From the Web: Girl Scouts Inspire the Next-Generation in STEM

The STEM Pledge

Girl Scouts of the United States of America are about more than just cookies! The nonprofit builds girls’ courage, confidence and character through a variety of hands-on activities, and it recently launched a STEM-focused initiative called the “Girl Scout STEM Pledge.” The goal is to put 2.5 million young girls through the organization’s science, engineering, technology and mathematics programs by 2025 and prepare them for the nearly one million careers that will be available at that time in the related fields (USBLS, 2017).

The Need

Based on the latest research regarding the future of careers in STEM, there is a gap between the number of females graduating college and those who have a job in any field. The United States Department of Education (2017) found that, in general, well over half of college graduates were female, however the general workforce remains at about 48% female, with the STEM workforce even lower in regards to percentage of females. The Girl Scouts are taking action in the hopes of bringing those statistics closer together by creating real-life, work-related projects for young girls to complete and earn their STEM-badges, including computer programming, mechanical engineering, robotics and space science badges.

Girls Who Code

This is not the only organization that is making a positive impact young girls’ STEM education. Girls Who Code is a national nonprofit with the mission to “close the gender gap in technology” by creating the largest pipeline of female engineers. This year, the organization is expanding its free summer program from the sole location in New York City to 70 other locations throughout the United States, with a goal of reaching 1,400 girls. Learning a variety of subjects, from robotics to building web sites and applications, girls will have the chance to create hands-on projects and expand their computer programming skills.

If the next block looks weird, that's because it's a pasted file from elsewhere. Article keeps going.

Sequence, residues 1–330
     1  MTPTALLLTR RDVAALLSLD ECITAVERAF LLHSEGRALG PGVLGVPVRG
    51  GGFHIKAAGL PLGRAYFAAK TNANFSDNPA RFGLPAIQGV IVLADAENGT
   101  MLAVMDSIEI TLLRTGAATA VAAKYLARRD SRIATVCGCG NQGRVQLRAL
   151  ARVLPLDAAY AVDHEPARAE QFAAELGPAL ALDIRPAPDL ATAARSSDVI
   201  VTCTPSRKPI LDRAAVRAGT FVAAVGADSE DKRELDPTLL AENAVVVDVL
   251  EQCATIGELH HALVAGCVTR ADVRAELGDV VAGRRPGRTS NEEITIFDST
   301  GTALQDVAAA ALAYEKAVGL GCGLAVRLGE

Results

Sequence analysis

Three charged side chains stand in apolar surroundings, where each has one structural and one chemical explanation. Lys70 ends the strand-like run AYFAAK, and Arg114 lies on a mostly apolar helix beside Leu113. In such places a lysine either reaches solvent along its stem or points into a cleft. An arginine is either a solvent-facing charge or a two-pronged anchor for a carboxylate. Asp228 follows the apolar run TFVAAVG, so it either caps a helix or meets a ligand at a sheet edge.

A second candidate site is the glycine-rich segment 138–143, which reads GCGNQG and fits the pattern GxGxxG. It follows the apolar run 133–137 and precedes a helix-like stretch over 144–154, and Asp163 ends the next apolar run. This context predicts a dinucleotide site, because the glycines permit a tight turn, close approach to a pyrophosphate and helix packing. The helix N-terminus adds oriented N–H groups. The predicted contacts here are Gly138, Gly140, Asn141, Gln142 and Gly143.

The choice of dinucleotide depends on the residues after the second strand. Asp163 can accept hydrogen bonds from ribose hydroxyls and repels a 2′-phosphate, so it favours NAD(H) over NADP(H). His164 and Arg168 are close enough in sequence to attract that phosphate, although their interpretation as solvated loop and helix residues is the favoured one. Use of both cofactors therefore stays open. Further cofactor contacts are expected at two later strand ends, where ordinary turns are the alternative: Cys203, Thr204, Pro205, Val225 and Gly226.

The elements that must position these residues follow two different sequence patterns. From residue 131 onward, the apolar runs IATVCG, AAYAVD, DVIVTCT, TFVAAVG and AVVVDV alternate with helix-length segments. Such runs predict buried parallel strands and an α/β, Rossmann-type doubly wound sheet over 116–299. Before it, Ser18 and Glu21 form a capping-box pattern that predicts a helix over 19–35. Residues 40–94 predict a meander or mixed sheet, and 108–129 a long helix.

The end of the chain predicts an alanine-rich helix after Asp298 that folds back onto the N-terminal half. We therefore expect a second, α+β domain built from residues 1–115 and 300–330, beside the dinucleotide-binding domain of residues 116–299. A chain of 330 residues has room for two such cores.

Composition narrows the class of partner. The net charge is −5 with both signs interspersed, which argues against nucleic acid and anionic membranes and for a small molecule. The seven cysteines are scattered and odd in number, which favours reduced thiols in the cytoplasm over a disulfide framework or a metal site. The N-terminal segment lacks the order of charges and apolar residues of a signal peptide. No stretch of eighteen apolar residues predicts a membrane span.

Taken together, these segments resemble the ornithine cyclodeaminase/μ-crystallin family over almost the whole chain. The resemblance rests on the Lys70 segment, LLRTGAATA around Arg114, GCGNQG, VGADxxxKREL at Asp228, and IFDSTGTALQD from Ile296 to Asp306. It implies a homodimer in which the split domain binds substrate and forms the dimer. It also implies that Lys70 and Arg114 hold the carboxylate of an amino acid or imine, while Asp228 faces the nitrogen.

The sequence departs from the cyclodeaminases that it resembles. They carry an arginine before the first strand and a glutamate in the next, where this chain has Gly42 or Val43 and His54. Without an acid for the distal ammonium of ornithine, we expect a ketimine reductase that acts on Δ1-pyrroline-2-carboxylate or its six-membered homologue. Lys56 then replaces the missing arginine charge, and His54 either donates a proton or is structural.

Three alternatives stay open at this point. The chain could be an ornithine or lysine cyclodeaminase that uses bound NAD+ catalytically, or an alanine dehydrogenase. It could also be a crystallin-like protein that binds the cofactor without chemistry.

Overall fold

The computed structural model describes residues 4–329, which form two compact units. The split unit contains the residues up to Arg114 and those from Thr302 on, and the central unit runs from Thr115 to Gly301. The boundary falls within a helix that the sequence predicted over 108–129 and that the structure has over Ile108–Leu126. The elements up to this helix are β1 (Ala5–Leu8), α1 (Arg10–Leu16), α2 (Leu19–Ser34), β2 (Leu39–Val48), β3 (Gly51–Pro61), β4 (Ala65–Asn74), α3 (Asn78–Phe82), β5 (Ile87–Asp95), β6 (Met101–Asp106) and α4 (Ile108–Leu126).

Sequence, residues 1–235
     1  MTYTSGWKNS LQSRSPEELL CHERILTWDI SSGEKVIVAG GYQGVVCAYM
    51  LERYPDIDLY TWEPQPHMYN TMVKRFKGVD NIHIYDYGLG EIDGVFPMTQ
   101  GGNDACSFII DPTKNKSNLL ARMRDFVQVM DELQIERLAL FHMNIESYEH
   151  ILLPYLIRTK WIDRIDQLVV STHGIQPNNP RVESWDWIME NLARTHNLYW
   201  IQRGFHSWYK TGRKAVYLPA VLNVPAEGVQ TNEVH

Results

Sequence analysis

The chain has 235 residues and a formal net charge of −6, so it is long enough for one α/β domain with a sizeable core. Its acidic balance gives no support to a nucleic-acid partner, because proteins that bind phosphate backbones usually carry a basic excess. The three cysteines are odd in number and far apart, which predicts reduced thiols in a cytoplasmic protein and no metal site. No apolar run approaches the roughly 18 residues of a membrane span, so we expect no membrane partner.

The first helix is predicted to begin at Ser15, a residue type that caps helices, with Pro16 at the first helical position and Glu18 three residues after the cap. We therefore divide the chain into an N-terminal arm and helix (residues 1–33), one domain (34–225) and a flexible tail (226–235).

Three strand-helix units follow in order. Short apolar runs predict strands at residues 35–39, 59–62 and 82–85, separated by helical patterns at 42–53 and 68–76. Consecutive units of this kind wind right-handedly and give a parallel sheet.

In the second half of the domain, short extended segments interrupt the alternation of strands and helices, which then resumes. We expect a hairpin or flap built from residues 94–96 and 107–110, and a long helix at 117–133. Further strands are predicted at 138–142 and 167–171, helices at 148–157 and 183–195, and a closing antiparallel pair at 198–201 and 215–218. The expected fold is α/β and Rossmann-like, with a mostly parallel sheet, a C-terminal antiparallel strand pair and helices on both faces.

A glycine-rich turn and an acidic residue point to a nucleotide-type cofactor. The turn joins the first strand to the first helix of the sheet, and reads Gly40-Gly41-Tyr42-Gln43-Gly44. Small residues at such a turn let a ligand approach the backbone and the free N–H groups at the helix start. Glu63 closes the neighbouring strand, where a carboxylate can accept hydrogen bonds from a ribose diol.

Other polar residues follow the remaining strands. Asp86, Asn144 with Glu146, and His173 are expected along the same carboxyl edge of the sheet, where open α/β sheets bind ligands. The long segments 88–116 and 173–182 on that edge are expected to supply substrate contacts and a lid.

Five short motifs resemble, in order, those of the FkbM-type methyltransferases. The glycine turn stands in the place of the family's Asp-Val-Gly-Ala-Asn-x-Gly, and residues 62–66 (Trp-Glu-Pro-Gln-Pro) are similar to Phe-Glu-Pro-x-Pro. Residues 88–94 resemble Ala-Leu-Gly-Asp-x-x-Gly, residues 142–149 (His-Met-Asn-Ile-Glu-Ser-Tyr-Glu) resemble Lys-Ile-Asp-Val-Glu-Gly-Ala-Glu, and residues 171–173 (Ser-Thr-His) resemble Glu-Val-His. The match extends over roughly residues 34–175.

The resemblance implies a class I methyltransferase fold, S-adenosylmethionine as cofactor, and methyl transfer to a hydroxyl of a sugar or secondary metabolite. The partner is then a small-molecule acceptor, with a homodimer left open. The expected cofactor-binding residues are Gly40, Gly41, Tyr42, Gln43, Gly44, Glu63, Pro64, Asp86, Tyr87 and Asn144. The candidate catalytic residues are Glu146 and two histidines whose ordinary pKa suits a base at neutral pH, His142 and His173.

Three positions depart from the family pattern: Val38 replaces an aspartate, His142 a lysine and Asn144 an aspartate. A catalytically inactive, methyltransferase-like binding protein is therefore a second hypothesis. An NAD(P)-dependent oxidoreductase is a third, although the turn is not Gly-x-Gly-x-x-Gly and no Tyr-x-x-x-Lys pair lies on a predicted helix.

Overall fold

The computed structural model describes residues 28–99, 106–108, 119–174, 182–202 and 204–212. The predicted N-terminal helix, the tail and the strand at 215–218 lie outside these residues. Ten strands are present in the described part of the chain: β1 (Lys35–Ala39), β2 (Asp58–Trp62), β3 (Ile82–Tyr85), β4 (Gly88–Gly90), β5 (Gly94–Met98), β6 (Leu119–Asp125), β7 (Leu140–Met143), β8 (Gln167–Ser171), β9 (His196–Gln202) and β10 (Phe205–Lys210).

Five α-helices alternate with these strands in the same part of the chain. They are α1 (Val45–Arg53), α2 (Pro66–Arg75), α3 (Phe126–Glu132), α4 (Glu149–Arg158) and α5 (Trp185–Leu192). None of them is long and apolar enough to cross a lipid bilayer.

Future Joules

Programs like these are critical to help provide a solid foundation for the future generation of Jabil Joules. These organizations are important resources for our youth and provide great mentoring opportunities for female leadership. Many of our Joules are in the community, impacting the next generations, and you can read about some of those Joules and their stories here.

Diversity and Inclusion: Where Jabil is Headed

 

 

Author: Jacqueline Darling, Jabil’s Senior Director of Diversity and Inclusion

 

As Jabil’s newly appointed Senior Director of Diversity and Inclusion, I am excited about where we are headed. In a world of rapid and continuous change, surrounded by new and emerging technologies across a global landscape, we need a diverse and inclusive organization that will increase our ability to perform, innovate and differentiate. We must have opportunities for employees to contribute and succeed regardless of gender, race, religion and so forth. When we come together, we create even greater value to our peers, customers and shareholders. That is our strength.

Jabil’s Diversity

Because we are a global company with operations in nearly 30 countries, we have tremendous natural diversity in Jabil.  When we talk about diversity and inclusion together, we mean respecting and valuing our diversity, creating even more inclusive ways of working; including seeking out different opinions and respecting diversity of thought. We must be mindful and ensure there are opportunities for all employees to contribute and grow. By continuing to advance Jabil’s diversity and inclusion efforts, we remain committed not only to our employees but also demonstrate that we are able to evolve with the ever-changing customers and markets we serve.